Promised The Best, Was Given Nothing, Except Anxiety
Never in my life have I leased a vehicle. My late husband was a diesel mechanic. All of the vehicles our family had were hand picked, inspected and
Never in my life have I leased a vehicle. My late husband was a diesel mechanic. All of the vehicles our family had were hand picked, inspected and paid for in cash. Our family has the luxury of an having an "In house" mechanic. After 9 years of being a widow, the burden of maintaining a vehicle became to much.
Mercedes Bens, although expensive, was who I trusted to end the burden.
By a simple Google search of the phrase, "The best or nothing" you'll find Mercedes Benz owns the top 3-6 spots on the first page of the google search.
"The best or nothing" is a Branded Phrase used by Mercedes Bens, a company founded in 1886 that consistently revolutionized the automotive industry..decade after decade.
In today's uber competitive global market based around technologies, you would assume these luxury branded companies would have an understanding of how to retain their customers. Mercedes Bens is Not the only company with high tech vehicles. The technologies in these luxury vehicles changes ever single Year. Lexus & Audi create vehicles with similar if not better technologies options than Mercedes Bens, BMW & Cadillac. Based from my experience with Luxury Auto-malls executives, it is obvious Customer Service, Customer Care is non existent. When I leased my C300 from Mercedes Bens, My expectations were simple. If my car broke down I expected to be taken care. Basically any unforeseen issues involving my vehicle would be taken care of with the ease of a phone call. A company that was on my side, that took care of me and didn't expect me to know anything about the engineering or mechanical specifications of the vehicle. I simply wanted to know I had was being taken care of when issues arose with my vehicle. The Slogan "The best or nothing" along with the Branded promises made by Mercedes Bens had paid off for the Mercedes Bens Marketing team. The only problem was execution, they failed in every way possible to ensure they retained me as a client. After my 2015 C300 was involved in a Single-vehicle collision that required mechanical and body repairs. It was a Shock when the dealership refused to assist me in providing a loaner vehicle. The body shop that is also owned by the same company as Luxury Auto Mall (Abra body shop) also refused to provide me with transportation. Considering my lease payment is over $600.00 a month and my perfect payment history through over half of the lease, one would assume it would be top priority to take care of its client. Not Once did anyone in these companies ask me if I was ok, or how they could help me. No... they simply left me stranded. I was forced to rent a vehicle for 30 days, costing me thousands of dollars, on top of that I still have to pay a nearly $700.00 lease payment for a vehicle that sat outside the body shop for over a month.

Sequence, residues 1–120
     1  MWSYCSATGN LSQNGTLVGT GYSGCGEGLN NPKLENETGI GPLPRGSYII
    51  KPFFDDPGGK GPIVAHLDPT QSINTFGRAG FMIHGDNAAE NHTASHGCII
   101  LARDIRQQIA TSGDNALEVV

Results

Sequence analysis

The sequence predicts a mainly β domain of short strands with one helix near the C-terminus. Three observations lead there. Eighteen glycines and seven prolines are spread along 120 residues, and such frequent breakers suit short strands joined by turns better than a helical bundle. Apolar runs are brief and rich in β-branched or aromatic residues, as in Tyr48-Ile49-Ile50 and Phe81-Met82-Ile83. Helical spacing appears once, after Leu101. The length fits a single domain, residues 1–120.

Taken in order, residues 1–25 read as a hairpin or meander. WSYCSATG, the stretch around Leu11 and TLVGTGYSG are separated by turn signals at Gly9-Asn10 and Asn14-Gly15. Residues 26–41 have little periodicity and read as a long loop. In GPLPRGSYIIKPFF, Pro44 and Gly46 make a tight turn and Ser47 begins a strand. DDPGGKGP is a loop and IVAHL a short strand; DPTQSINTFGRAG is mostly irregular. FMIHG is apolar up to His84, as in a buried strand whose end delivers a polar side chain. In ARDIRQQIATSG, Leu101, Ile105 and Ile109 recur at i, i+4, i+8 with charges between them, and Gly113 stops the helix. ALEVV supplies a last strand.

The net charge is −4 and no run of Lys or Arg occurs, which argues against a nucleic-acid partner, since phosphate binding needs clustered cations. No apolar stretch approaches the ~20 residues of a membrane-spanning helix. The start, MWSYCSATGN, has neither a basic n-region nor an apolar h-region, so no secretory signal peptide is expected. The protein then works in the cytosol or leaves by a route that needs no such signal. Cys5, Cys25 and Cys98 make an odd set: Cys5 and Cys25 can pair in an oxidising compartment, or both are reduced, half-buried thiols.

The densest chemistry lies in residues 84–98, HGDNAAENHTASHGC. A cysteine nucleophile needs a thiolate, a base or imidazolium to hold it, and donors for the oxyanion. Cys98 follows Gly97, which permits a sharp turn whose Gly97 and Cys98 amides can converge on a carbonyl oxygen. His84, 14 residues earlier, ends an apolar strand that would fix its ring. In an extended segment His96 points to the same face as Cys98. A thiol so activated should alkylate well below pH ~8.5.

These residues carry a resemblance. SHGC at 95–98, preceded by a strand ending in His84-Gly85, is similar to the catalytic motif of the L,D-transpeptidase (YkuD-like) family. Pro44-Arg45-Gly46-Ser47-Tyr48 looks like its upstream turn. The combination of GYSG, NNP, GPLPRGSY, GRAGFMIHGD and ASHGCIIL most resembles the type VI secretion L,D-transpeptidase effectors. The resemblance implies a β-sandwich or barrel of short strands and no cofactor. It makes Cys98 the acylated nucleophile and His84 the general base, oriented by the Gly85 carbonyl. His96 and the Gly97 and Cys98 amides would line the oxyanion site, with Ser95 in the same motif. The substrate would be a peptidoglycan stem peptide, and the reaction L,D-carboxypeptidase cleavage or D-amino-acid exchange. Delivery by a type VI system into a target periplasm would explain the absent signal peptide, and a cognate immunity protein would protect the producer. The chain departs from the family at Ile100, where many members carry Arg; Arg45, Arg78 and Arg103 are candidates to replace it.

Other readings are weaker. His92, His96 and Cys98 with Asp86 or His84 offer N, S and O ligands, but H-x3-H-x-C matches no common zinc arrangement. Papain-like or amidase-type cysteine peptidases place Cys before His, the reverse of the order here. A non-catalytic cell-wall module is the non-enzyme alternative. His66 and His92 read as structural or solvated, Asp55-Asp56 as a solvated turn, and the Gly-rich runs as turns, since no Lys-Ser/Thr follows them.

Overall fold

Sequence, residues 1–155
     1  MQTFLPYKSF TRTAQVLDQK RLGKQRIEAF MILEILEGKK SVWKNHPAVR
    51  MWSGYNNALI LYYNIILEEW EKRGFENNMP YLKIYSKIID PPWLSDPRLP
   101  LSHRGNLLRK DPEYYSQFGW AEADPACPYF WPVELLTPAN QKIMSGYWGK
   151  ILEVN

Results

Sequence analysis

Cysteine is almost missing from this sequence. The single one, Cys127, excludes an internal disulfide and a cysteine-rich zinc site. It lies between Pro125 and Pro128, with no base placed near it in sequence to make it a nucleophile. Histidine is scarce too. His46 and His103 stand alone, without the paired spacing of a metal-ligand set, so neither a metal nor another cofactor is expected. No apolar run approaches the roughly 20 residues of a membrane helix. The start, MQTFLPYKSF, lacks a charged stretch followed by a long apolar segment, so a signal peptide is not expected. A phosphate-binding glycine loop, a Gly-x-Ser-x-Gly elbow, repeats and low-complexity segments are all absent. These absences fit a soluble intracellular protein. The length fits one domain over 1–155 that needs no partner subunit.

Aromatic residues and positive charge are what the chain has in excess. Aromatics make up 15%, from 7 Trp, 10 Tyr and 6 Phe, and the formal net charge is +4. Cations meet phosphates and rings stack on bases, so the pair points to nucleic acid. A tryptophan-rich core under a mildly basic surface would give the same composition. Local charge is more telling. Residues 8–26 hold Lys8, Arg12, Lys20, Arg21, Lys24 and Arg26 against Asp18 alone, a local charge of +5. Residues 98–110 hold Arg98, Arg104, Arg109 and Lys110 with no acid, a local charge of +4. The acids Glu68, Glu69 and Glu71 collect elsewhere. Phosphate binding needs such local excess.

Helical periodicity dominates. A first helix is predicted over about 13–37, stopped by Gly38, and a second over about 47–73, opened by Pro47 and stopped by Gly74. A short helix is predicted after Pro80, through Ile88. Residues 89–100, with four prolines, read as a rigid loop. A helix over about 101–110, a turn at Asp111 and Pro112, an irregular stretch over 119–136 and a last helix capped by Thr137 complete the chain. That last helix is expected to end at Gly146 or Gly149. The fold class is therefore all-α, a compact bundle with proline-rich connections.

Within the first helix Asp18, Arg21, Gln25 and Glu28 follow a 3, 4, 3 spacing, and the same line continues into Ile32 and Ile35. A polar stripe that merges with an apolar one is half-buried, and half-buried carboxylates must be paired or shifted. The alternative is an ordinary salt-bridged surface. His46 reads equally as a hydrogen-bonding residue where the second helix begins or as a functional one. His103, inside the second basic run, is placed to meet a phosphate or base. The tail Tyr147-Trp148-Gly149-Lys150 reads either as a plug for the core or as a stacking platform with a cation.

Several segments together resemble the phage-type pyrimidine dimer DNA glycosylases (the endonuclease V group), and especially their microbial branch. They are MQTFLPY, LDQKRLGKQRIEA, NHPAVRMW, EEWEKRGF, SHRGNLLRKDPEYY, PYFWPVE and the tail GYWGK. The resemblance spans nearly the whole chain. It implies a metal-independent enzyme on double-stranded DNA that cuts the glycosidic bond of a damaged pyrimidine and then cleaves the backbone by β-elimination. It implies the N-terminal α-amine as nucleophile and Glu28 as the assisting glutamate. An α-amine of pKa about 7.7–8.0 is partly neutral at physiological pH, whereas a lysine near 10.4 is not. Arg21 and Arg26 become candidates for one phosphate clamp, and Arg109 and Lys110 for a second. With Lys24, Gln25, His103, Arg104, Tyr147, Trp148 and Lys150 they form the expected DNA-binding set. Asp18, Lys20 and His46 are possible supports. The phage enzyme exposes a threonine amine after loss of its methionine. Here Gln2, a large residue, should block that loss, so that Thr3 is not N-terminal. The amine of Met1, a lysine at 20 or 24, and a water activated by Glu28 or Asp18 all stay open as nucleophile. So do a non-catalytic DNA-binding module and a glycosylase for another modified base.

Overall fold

I urge every person shopping for a luxury vehicle to shop at Lexus or Audi. The True value in the Luxury market is Client Care. Mercedes Bens and Luxury Auto Mall do not value their clients.
Maybe the Irony here is the Slogan...
"The best or nothing"
The best I did not get, but the company delivered Hard on "Nothing".
IF YOU'RE IN THE MARKET FOR A LUXURY VEHICLE, THE ONLY TEST DRIVE THAT REALLY MATTERS IS THE SERVICE AND CARE PROVIDED BY THE INDIVIDUALS THAT PUNCH IN AND OUT EVERY DAY.
TEST THE PEOPLE INSIDE EVERY DEPARTMENT.
VISIT THE DEALERSHIP FOR 3-6 MONTHS PRIOR TO MAKING YOUR DECISION ON A VEHICLE. THE BIGGEST VALUE TO US AS CONSUMERS IS THE CARE PROVIDED.
I am currently in the process of writing a detailed book explaining this entire situation. This book will share my experiences that I will share to the world for free. I will be making an educational video explaining my situation in depth and detail so that all of the hard working millennials who will be transitioning to the luxury vehicle market can make an educated buying decision. The last thing I want to see happen is a young family get stranded by a brand they trusted to take care of their families during the hardest times of life.